One of the most brilliantly acerbic yet honestly observed posts I have recently read about our current state of affairs is ‘Capitalism vs. Capitulation’ from Bret Callentine of the Lakewood Observer.
Callentine gives his commentary on the endless merry-go-round of victimhood and rescue we’ve embarked upon in life – and especially in relation to how we run our finances and the things we expect to have. Being dissatisfied with our lot (because we believe we have an inborn right to something better), we the people whinge and whine about the unfairness of life and ‘the system’, demanding that something out there changes in order to give us the same opportunities that others have, so that we can enjoy the same benefits. Instead of looking to our own role as the creator of the state our lives, we expect something or someone out there to change and do it for us. And, so, in response to our mass demands, corporations make rash decisions, governments grant billions, politicians rush to pacify us, and rules are changed in our favour. And when the system becomes unbalanced and unsustainable, we complain again and the whole merry-go-round begins again. As Callentine puts it: “Every year I hear more and more complaining that the outcomes are unjust because the rules are unfair. So the rules get changed and the system becomes more complex, and red tape and bureaucracy ensnare a whole new class of victim. Blaming capitalism for a recession is like blaming gravity for a plane crash…like cursing electricity when your light bulb burns out.” I tend to agree. It’s what we do with capitalism that counts. Victimhood and responsibility lies at the heart of our problems. And victimhood, like drug dependency, pushes us further and further into expectation and apathy.
I’ve been thinking a lot about responsibility lately. At what point do we take responsibility for our lives? And how much: for everything, or only partly? When do we stop blaming the reality of our lot on others and get into action of creating what we want? And this doesn’t have to be violent action; it can be peaceful, responsible, measured and considered, with the quiet awareness in the background that we are the creators of our reality.
Is this a big statement? Some of you may think so. But consider for a moment that hero of life’s attitude, Viktor Frankl. Frankl, a psychiatrist caught up in the Nazi concentration camps during the second World War and, having lost everything, including all the members of his family, came to realise that the difference between the people who survived the concentration camps (those who escaped enforced death of course) and those who gave up despite being kept alive was: attitude. Frankl discovered a great truth: Between an event and our response, there is a space. In that space lies our power to choose our response. And in our response lies our growth and our freedom.
Now that’s freedom. No space for blame there, for complaint. Only the certainty – and the responsibility – that we get to choose in every moment what we want to do about the circumstances of our lives. And in that choice lies the reality of the lives we experience. It’s our relationship to events that counts, far more than the events themselves.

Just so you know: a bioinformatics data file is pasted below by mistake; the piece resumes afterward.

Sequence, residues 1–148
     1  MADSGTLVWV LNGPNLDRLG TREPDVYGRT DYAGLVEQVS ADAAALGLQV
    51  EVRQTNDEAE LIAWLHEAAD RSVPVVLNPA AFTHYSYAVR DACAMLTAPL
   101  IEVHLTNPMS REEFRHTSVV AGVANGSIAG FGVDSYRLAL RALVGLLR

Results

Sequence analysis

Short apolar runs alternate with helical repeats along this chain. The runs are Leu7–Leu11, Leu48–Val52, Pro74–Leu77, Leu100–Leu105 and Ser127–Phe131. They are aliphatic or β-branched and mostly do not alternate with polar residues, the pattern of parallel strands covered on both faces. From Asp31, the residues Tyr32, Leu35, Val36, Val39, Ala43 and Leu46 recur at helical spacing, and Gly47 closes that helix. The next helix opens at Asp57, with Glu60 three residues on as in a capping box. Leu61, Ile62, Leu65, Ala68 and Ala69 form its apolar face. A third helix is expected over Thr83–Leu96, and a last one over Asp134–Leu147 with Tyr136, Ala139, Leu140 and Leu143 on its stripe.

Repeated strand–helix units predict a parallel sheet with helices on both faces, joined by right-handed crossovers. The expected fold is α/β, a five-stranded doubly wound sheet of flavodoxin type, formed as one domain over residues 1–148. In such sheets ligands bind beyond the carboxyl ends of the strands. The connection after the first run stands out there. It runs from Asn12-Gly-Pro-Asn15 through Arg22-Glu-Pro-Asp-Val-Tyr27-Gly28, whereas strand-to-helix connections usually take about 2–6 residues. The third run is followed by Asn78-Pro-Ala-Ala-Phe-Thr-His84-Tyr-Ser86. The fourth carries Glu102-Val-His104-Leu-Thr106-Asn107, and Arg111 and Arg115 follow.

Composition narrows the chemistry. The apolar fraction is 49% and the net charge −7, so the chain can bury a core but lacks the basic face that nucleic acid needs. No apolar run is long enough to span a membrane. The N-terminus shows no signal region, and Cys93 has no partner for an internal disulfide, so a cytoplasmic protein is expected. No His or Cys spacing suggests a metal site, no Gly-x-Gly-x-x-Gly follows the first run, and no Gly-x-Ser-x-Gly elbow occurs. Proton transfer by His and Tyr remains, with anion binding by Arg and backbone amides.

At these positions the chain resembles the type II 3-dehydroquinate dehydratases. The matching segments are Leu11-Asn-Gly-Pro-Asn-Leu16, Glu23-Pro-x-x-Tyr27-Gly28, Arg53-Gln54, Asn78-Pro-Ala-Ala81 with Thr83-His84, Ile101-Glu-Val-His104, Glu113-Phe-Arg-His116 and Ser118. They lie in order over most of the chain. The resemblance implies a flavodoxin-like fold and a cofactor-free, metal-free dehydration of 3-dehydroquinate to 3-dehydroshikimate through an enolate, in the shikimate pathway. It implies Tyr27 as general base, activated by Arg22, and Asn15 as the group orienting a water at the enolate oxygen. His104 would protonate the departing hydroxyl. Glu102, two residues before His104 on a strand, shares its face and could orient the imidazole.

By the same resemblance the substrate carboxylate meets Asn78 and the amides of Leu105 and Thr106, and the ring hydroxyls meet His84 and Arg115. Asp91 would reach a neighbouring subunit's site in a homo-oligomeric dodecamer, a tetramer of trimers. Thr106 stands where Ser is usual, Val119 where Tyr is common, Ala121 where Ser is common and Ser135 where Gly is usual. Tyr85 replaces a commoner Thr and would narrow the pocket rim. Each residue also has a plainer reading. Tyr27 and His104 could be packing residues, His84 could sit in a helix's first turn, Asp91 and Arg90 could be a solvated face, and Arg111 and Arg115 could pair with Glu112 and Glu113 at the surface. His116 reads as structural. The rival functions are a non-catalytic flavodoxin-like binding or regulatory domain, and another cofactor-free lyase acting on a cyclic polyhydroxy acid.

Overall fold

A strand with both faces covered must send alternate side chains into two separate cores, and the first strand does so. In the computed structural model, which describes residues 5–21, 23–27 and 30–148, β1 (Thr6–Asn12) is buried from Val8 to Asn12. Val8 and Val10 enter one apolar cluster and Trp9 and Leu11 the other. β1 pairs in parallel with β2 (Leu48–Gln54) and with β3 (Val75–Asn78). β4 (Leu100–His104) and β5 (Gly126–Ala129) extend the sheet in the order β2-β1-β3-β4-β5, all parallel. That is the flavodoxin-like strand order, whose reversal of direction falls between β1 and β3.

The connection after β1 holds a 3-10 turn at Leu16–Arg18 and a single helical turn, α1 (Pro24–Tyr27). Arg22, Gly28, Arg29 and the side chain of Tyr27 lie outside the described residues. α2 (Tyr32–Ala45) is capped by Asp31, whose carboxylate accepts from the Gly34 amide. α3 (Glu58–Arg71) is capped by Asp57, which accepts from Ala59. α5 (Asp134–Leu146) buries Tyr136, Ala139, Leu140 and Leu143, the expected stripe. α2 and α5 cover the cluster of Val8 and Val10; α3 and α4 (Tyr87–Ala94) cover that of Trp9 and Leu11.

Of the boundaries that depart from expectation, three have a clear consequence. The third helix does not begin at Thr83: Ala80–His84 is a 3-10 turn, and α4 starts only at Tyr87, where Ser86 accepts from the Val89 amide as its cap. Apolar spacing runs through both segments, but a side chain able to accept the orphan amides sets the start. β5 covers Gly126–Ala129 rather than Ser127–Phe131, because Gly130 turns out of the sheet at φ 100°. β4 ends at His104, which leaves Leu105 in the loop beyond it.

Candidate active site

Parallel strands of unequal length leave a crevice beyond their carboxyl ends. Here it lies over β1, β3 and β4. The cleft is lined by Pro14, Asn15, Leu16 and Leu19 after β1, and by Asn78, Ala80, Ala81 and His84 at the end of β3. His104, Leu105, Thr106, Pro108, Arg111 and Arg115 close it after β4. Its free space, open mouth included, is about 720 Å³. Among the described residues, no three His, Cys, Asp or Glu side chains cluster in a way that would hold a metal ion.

The question is, are we willing to take up this responsibility or do we choose to remain in complaint? Complaint is certainly easier; responsibility is harder. But complaint leaves us powerless, taking responsibility gives us power.
Although many of the criticisms leveled at the Occupy Wall Street movements seem to have been about a bunch of young directionless malingerers who don’t take responsibility and only complain, I think they have been taking responsibility. Even rising up and stating what we’re unhappy about gets us out of victimhood and into action. The differentiator is whether we rise up out of complaint that others should fix things for us, or whether we rise up with a solution or a willingness to be part of a solution.
And then there’s the capitalist moguls, the CEOs who have high-flying jobs and certainly are taking responsibility, but, in some way, are taking responsibility only for themselves. In granting themselves massive pay packets at the expense of the other stakeholders in their companies, they are guilty of acting for themselves but not for the whole. This seems to me like responsibility gone astray.
So, with responsibility I believe we need to look at it from a number of different levels:
On one dimension: What do I want to create in my life and am I taking responsibility for it? Am I in action of this or am I in complaint? And am I avoiding falling into the downward spiral of victimhood – expectation, complaint, frustration, anger, aggression and resignation – by getting into the action and saying what I want, taking responsibility for the outcomes and being part of the solution?
And on the other dimension: When I take responsibility am I doing it for myself or am I doing it for the greater good? Especially as a leader, am I acting from my self-serving ego and my own survival or am incorruptible in my commitment to the greater Whole, the survival and flourishing of the whole system of which I am part?
We are ultimately responsible – for everything. And we are ultimately responsible for everything – together.